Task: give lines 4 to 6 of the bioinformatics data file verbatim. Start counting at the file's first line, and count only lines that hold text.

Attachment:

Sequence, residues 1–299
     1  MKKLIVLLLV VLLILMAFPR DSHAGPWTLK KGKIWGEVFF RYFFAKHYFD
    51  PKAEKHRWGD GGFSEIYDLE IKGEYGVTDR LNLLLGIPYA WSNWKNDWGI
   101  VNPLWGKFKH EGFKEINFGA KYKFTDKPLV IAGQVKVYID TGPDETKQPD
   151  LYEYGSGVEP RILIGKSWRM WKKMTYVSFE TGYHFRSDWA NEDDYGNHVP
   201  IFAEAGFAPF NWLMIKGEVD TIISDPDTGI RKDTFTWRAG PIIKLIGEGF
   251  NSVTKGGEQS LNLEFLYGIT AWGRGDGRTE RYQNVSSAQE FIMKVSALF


   101  VNPLWGKFKH EGFKEINFGA KYKFTDKPLV IAGQVKVYID TGPDETKQPD
   151  LYEYGSGVEP RILIGKSWRM WKKMTYVSFE TGYHFRSDWA NEDDYGNHVP
   201  IFAEAGFAPF NWLMIKGEVD TIISDPDTGI RKDTFTWRAG PIIKLIGEGF